New Treatment Could Be Breakthrough Against Peanut Allergy
SUNDAY, Nov. 18, 2018 (HealthDay News) -- People with peanut allergy can protect themselves from an allergic reaction by consuming a small amount of peanut powder every day, a new study suggests.
The "breakthrough" findings mean this new treatment is ready for review by the U.S. Food and Drug Administration, the researchers added.
"We're excited about the potential to help children and adolescents with peanut allergy protect themselves against accidentally eating a food with peanut in it," study co-author Dr. Stephen Tilles said in an ACAAI news release.
"Our hope when we started the study was that by treating patients with the equivalent of one peanut per day, many would tolerate as much as two peanuts," he said.
"We were pleased to find that two-thirds of the people in the study were able to tolerate the equivalent of two peanuts per day after nine to 12 months of treatment, and half the patients tolerated the equivalent of four peanuts," noted Tilles, a Seattle allergist and ACAAI past president.
The study included 551 patients, aged 4 to 55, with peanut allergy. One-third were given a placebo, while two-thirds were given peanut protein powder in increasing amounts until they reached the maintenance dose equivalent of one peanut a day.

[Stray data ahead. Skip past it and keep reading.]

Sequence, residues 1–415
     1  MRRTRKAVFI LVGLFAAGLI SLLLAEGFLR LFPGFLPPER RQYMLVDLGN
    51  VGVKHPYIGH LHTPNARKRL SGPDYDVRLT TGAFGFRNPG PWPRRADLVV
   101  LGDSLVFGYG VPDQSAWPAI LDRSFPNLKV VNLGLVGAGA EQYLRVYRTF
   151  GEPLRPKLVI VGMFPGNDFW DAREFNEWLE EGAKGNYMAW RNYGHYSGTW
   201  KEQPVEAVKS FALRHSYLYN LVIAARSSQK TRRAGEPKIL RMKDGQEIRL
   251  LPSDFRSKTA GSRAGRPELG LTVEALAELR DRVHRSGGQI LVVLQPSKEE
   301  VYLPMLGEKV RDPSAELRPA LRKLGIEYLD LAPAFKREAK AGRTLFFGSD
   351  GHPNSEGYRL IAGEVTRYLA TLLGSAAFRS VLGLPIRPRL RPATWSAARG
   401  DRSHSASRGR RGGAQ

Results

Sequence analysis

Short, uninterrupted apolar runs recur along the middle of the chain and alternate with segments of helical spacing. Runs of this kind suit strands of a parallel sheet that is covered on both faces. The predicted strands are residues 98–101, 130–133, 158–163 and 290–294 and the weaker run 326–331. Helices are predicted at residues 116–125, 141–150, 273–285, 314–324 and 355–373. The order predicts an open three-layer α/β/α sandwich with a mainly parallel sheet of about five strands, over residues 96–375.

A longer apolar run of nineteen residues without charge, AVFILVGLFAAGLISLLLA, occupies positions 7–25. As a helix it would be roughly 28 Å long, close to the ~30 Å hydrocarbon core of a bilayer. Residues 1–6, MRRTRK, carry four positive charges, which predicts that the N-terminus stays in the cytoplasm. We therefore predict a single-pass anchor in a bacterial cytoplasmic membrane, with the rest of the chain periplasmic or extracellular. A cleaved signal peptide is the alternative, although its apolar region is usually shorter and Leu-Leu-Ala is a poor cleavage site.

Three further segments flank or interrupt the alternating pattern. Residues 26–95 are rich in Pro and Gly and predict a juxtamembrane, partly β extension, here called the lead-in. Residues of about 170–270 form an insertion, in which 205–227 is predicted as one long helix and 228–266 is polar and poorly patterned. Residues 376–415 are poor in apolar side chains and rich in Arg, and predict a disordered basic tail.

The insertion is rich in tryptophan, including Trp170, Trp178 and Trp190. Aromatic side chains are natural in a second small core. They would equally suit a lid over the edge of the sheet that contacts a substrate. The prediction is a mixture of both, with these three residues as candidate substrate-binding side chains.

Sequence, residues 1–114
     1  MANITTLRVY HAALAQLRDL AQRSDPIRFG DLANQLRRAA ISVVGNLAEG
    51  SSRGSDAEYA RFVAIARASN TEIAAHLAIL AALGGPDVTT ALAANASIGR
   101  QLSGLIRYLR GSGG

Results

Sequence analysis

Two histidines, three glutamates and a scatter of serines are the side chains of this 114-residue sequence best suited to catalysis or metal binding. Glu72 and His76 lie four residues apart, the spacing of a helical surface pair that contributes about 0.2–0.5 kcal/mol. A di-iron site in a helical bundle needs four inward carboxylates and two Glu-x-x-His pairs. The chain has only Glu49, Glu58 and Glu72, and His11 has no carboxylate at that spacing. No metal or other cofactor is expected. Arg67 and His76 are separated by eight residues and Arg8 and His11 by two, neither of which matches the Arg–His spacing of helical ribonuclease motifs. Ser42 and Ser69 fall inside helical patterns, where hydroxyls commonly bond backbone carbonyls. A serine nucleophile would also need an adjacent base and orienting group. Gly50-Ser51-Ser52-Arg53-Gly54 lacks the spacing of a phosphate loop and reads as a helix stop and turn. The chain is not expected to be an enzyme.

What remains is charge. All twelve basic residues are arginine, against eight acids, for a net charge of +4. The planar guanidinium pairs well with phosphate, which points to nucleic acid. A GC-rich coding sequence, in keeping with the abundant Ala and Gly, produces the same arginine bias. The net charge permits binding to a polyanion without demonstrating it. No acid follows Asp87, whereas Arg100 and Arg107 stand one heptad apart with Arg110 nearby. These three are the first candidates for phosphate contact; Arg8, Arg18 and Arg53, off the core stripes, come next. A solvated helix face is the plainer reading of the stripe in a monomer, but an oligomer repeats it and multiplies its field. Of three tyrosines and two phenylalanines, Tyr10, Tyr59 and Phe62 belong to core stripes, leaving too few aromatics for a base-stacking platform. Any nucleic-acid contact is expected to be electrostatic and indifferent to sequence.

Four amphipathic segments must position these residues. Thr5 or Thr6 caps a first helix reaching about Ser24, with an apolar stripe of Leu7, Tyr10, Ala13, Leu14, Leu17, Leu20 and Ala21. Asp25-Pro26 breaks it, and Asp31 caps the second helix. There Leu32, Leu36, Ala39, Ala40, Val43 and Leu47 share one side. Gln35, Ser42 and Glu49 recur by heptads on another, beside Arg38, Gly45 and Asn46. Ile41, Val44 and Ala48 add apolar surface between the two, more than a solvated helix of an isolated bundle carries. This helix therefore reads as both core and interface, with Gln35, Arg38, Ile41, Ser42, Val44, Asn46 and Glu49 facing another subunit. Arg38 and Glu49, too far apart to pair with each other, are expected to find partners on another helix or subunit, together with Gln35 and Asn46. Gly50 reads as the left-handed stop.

"This is not a quick fix, and it doesn't mean people with peanut allergy will be able to eat peanuts whenever they want," said study co-author Dr. Jay Lieberman, vice chair of the ACAAI food allergy committee.
"But it is definitely a breakthrough," he added. "The hope would be to have a treatment available in the second half of 2019. If that happens, people who receive and are able to tolerate this treatment should be protected from accidental exposures."
Allergist Dr. Punita Ponda agreed.
"The doses patients tolerate are high enough to likely prevent reactions with cross contamination or allow patients to eat foods with 'may contain' or 'manufactured in'-type labels," added Ponda, who is assistant chief in the Division of Allergy and Immunology at Northwell Health, in Great Neck, N.Y. She was not involved with the study.
"This would make a large impact on the lives of patients with peanut allergy who may be afraid to eat outside of the house for fear of cross contamination or have to severely limit their diet due to the difficulty of avoiding products with the above mentioned safety labels," Ponda noted.
The study was to be presented Sunday at the American College of Allergy, Asthma and Immunology (ACAAI) annual meeting, in Seattle, and published simultaneously in the New England Journal of Medicine.
There are no approved treatments for peanut allergy. If approved by the FDA, this treatment would be available by prescription and patients would need to continue taking it to stay protected from accidental peanut exposure.
Food Allergy Research & Education (FARE) has more on peanut allergy.
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